In Southwest China, Truffles Smell a Lot Like Money
“I have to keep the good stuff hidden away,” Uncle told me as he set down a small basket of black truffles at the entrance to a wild mushroom market in the Yunnan provincial capital of Kunming. It was a hot day, and we settled in for a long wait.
In between turning the truffles over to keep them from drying out, Uncle sized up the shoppers as they passed his makeshift stall, mentally separating the connoisseurs from the tourists. A man and his wife stopped to ask about his prices, but Uncle brushed them off. Another man, bald and dressed in black, sauntered over for a look. This time, Uncle sprung up to greet him. Telling me to keep watch over the stall, the two of them wandered off for tea in Uncle’s warehouse nearby. In China’s booming truffle market, personal ties are everything.
Uncle is not my uncle, though it’s as good a descriptor of our relationship as any other. As part of my research into the emerging truffle industry in Yunnan, in China’s far southwest, I’ve spent months trailing him to market days — long enough that he refers to me as his nephew and trusts me to watch over his stall. In his sixties, he’s active for his age, and his upscale outfits — dress shirts and leather shoes — stand out in the otherwise casual marketplace.
The day was nearly over before Uncle decided the time was right to make his move. Taking basket after basket of his best truffles out of hiding and arranging them in a neat row, he waited for the serious buyers to bite.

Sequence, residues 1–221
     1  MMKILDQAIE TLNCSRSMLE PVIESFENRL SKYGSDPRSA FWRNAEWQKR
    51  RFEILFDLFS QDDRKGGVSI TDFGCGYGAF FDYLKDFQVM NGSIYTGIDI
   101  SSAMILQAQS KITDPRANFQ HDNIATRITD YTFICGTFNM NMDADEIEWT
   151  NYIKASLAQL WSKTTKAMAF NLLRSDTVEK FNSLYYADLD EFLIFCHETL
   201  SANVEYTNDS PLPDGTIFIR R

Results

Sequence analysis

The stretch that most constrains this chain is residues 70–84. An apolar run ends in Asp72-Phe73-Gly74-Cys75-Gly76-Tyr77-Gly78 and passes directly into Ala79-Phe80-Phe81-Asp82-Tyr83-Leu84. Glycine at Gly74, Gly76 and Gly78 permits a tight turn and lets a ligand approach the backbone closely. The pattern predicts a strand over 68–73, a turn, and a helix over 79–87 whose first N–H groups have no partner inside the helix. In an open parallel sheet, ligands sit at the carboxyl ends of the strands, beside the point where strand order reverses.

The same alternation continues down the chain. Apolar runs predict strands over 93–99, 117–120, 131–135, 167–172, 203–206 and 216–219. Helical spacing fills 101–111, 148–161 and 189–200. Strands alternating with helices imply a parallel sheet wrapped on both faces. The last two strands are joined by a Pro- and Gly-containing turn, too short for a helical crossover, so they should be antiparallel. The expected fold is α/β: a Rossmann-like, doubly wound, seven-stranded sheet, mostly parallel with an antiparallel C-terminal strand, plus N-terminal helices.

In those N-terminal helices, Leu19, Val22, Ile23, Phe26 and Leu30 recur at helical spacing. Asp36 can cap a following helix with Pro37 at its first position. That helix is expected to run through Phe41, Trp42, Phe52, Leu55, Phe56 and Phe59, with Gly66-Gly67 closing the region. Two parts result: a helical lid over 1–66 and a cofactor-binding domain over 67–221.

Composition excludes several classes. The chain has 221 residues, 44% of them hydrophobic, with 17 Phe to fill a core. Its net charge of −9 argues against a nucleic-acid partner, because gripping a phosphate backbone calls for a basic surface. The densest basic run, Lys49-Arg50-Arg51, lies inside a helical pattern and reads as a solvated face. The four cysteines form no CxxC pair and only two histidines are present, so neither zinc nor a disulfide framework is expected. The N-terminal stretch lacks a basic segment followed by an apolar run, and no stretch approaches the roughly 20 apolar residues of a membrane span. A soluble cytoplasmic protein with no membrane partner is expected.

The fragrance of fresh truffles wafted over the market like a cloud. A wholesaler came sniffing around, asking if I might be interested in buying as well as selling. I turned him down after learning he came from a county on the outskirts of Kunming. Truffles taste differently depending on their terroir, and even minor geographic differences can produce tremendous variations in price.
Just as Shangri-La in Yunnan’s northern mountains is famed for producing the best matsutake, every truffle hopes to be born in Gongshan, not far from the Myanmar border. Uncle only trusts his long-term business partners, whom he calls his “brothers,” to get the goods. They acquire their truffles directly from the source, rather than from middlemen who make their money fobbing off goods further down the line of distribution — a category that includes Uncle himself, if truth be told.
Before leaving me in charge of the stall, Uncle had already sorted the truffles into different baskets. He always takes care in preparing the top layer of each, making sure the display reflects well on his business. A truffle merchant squatted down and examined them for a moment. I waited for him to stand up before subtly reorganizing them. “These are textbook specimens,” he remarked in a heavily accented Yunnan dialect.